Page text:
A group of women, under the umbrella of Africa Arise for Change Network, has petitioned the United State President, Donald Trump over continued attack on women by terrorists. The group however demanded protection from terrorists in Africa.
The group said threats to women in Africa has made it imperative that America reasserts its global leadership status by protecting the vulnerable.
Recall that Islamic State West Africa Province (ISWAP), a faction of Boko Haram, had recently executed Hauwa Leman, an aide worker with the International Committee of the Red Cross (ICRC) in Borno State.
The terrorists also vowed to keep Leah Sharibu, one of the Dapchi schoolgirls, who is currently in their custody, as “a slave for life.”
Irked by the ugly incidents, the women, in a letter addressed to Trump through the US Ambassador to Nigeria, called on the United State Government to urgently intervene “before it is too late.”
The letter, signed by Gbemisola Osadua, the Executive Director of the group, decried that most of the women and girls abducted by Boko Haram in the northern areas of Nigeria experienced sexual violence including rape, torture and murder.
She further urged America to stand in and ensure the protection of the rights of women and children from further abuse by Boko Haram terrorists.
“This letter is a passionate appeal for the kind intervention of the United States of America to the plight of women and children in the hands of members of the Islamic State West Africa Province (ISWAP-Boko Haram).
“Nigerian women and children have been at the receiving end of the brunt of the activities of Boko Haram terrorists as a result of increasing feminisation of terror vide the use of young girls and children in their nefarious activities.
“Most of these women and girls abducted by Boko Haram in the northern areas of Nigeria experienced sexual violence including rape, torture and also murder. A recent study suggests that more than 45% of those killed by the Boko Haram are women and children.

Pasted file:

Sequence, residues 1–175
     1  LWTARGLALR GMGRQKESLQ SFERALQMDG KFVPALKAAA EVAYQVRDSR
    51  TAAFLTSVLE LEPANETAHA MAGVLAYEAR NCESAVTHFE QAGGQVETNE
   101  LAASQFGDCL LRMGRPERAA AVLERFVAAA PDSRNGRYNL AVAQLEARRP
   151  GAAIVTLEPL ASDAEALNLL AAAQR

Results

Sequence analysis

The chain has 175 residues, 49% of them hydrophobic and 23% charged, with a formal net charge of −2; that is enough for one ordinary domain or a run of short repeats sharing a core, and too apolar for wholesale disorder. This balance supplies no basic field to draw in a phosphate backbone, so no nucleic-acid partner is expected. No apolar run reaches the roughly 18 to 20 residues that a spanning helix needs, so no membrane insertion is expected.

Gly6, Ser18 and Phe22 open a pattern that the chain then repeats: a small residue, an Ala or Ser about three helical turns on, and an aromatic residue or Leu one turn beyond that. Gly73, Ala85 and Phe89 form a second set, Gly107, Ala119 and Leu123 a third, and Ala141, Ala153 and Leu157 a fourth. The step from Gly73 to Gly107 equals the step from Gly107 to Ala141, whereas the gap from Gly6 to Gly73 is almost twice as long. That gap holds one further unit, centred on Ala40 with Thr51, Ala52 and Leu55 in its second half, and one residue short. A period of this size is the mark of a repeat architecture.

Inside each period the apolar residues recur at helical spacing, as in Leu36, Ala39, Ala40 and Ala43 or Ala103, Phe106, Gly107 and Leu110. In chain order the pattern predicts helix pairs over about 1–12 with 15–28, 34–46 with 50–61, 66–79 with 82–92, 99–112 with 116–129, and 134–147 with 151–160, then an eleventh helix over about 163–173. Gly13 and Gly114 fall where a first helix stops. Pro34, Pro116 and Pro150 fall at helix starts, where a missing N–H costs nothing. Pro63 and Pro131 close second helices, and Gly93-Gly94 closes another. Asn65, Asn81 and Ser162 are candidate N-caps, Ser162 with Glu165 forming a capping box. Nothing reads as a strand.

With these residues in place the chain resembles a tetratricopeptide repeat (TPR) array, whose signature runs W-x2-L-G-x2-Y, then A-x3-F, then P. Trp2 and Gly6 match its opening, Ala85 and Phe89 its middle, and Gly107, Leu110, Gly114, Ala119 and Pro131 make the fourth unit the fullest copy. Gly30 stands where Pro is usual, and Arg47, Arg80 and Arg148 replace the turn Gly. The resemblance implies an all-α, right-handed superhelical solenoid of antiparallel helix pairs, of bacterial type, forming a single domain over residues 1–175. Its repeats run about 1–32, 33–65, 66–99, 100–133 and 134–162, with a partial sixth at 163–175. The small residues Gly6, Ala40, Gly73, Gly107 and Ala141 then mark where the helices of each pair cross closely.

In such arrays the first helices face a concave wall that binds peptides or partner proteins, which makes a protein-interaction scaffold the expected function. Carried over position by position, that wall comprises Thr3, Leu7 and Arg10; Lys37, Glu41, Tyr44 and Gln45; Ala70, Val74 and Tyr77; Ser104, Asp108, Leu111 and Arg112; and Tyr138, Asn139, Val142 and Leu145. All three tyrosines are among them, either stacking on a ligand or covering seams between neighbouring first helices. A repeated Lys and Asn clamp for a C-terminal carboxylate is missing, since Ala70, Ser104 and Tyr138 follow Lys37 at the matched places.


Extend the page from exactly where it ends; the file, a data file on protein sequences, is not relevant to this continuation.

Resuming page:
“Boko Haram abducts women and children during raids on towns and villages in North-East Nigeria and detained them in Boko Haram’s camps. A typical example is the abduction of 276 female students of Government Secondary School, Chibok, Bornu State from their hostel on 14th April 2014 into the Sambisa forest. Similarly, on February 19, 2018, one hundred and ten (110) schoolgirls aged 11–19 years old were kidnapped by the Boko Haram terrorist group from the Government Girls’ Science and Technical College (GGSTC), Dapchi, area of Yobe State, in the northeast part of Nigeria.
“The activities of Boko Haram have dramatically changed the lives of thousands of women and children, often casting them by force into new and ignoble roles outside the domestic sphere. Gender-specific suffering has recorded high figures. While men have disproportionally been killed, women are an overwhelming majority among the estimated 1.8 million internally displaced persons (IDPs) in the North East.
“Dear President of the United States, the list is inexhaustible hence this appeal for your kind intervention in saving women and children from the threat of Boko Haram in Nigeria and by extension in Africa.
“It is, therefore, our considered opinion that there is an urgent need for the United States of America to reassert its global leadership status by intervening in the war against terrorism in Nigeria and Africa. This is important because armed conflicts such as the Boko Haram conflict do have a devastating and harsh impact on women and girls. Women and girls suffer violations such as rape, forced prostitution, sexual slavery, forced impregnation and in some cases deaths as evident in the cases of Hauwa Liman and Saifura Khorsa, two aid workers of the International Committee of the Red Cross, that were summarily executed by the Boko Haram terrorist group in North East Nigeria.
“The contributions of the United States of America toward combatting terrorism in the world cannot be overemphasized given the fact that between October 2015 and October 2017, the US fought terror in 76 countries in the world.
“Dear President of the United States, the terrorist threat in Nigeria is felt more in the lives of women and children, whose rights have been continually violated with impunity. It is there of great importance for the Rights of women and children to be protected because Women Rights as Human Rights have been at the heart of a series of international conferences that have produced significant political commitments.
“It, therefore, behooves on the United States of America in its capacity as the global leader in the fight against terrorism and the perseverance of human rights to rise to the occasion in this regard in Nigeria and Africa.
We, therefore, make this passionate appeal to the government of the United States of America to stand in and ensure the protection of the rights of women and children from further abuse by Boko Haram terrorists,” part of the letter read.